The sort of things I use a welder for are relatively small - ie not trailers or bigger stuff.

    Thoughts?

    Thanks
    Hi BobL

    Vice design and mounting
    Its good you are giving thought to the vise abefore the table is built.At some stage for sure, on some applicatiions the vice is going to be in the bloody way of your job. For this reason you might give thought to a demountable jobbie as per as per a Hayman Reese towbar type drawbar connection. Thinking further,if its going to be a fabricating vice its very handy to have an offset jaw .

    With this vice one can drop along piece of pipe or tube to the ground and have extra support and stabilty for what ever operation is being being performed.
    Another variant is to mount the vice on a post and fit a quadrant arc allowing the jaws to move 90 degrees out of normal plane.

    Vice construction material
    Cast iron ,fabricated steel, fabricated stainless steel and cast steel are materials vices have and are being built from.

    Cast iron is generally fine for fitting type work but won't take to be beat upon and will break ,Chinese ones, sometimes even without being beaten upon. Nothing wrong the fabricated vices at all, the kids at school have made fabricated 5"vices and they are very robust.Fabricated stainleess are available for marine and oil rig work.We DIY mortals coudln't afford even the handle as a spare part -very expensive.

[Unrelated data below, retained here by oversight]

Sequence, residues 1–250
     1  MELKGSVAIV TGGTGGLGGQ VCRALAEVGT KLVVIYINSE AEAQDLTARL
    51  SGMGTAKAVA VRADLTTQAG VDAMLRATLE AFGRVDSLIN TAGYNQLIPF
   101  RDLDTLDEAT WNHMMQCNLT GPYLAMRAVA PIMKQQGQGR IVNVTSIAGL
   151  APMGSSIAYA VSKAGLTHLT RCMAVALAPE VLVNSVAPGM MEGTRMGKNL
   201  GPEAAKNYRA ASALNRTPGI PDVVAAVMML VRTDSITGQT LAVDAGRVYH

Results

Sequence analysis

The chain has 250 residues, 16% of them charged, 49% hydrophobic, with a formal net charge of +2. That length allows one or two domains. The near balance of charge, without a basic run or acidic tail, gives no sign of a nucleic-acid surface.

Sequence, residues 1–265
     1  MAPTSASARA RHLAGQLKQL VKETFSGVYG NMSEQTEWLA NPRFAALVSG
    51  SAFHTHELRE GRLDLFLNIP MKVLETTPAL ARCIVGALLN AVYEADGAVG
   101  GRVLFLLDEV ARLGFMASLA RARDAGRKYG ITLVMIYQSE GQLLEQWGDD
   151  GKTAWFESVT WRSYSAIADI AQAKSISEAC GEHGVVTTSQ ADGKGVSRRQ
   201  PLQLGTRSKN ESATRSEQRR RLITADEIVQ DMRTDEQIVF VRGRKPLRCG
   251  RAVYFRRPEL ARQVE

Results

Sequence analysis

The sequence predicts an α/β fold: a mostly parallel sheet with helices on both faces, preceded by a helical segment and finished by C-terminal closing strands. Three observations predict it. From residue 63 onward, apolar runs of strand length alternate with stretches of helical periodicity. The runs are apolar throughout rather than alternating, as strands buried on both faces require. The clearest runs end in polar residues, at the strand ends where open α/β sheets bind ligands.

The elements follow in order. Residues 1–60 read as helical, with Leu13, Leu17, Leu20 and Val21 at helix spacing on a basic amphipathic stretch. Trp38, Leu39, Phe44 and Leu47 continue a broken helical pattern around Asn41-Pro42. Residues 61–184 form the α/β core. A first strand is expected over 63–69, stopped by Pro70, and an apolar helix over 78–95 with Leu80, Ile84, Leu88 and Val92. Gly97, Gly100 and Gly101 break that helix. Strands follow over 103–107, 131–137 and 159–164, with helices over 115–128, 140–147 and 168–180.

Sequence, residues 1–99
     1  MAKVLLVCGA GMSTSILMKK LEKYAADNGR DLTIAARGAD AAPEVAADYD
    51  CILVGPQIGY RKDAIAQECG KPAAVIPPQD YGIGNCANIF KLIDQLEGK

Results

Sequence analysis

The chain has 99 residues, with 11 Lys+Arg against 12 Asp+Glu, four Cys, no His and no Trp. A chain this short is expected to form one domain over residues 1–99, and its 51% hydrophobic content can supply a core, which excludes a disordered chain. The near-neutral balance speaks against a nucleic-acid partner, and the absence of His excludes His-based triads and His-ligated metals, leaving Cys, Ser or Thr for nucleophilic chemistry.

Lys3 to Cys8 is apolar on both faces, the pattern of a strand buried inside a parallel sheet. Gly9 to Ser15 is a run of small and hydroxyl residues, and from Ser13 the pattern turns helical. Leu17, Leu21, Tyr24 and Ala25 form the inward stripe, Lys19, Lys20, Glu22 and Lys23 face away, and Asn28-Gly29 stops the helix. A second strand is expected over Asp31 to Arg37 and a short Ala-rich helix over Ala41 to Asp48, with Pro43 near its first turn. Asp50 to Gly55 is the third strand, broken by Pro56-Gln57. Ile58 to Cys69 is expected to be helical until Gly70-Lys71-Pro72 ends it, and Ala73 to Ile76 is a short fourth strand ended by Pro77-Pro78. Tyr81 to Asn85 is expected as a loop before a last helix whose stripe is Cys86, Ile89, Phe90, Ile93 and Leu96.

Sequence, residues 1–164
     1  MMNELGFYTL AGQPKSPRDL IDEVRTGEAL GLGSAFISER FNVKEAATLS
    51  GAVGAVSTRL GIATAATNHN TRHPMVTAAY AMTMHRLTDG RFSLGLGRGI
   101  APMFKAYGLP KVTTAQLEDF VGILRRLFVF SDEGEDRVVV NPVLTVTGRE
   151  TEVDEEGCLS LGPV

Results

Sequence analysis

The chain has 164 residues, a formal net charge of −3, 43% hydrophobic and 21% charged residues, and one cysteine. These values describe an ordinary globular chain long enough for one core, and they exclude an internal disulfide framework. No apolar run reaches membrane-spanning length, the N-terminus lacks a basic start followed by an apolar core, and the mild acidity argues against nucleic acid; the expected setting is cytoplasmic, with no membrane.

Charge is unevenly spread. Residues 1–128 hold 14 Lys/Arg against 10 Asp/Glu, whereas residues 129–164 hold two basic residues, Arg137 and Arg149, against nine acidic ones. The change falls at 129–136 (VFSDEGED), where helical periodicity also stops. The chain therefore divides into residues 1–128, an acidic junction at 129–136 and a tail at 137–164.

The cast steel ones were available from the very early auto supply stores. Mine's a Russian jobbie built like a brick out house yet can rotate on a plate for 90 degrees.I can beat the snot out of whatever I like and suffer no damage.Cast steel behaves like fabricated steel.One could possibily bent given you were big and stupid enough,but it still would take a real effort.
    For welding I would make it a fabbed vice ,I have drawings but they don't scan well as the linework is to feint.

    Basically there are 75 x 40 x5 mm channel x 300L using 10mm thick side plates,12 mm jaw supports mounted on a 150 x 160 x 10 base plate.

    I am hoping to get better drawings complted soon ,but could do some hand sketches.if needed.

    Multi purpose vices look ok for pipe and r bar work but I have no experience on them.

    Grahame

  8. #8
    BobL is online now Member: Blue and white apron brigade
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    Default

    Thanks Grahame, some very useful ideas there. I like the idea of the removable vice very much.

  9. #9
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    Hi BobL,